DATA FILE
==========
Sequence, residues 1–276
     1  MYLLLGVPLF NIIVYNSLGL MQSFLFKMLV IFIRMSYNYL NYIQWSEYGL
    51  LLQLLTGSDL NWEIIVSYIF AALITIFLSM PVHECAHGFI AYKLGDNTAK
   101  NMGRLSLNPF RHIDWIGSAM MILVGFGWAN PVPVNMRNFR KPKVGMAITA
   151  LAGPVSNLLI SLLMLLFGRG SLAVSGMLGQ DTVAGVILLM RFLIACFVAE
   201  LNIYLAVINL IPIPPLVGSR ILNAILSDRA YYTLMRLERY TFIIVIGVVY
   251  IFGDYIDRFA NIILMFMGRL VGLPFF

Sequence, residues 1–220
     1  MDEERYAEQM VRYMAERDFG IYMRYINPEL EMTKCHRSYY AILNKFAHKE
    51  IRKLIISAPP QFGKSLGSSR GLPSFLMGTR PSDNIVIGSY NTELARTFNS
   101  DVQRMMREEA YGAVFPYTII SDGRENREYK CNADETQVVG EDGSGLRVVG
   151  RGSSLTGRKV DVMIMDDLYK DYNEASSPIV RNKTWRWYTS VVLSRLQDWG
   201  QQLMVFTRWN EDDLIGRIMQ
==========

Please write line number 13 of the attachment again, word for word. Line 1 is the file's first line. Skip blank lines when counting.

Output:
   201  QQLMVFTRWN EDDLIGRIMQ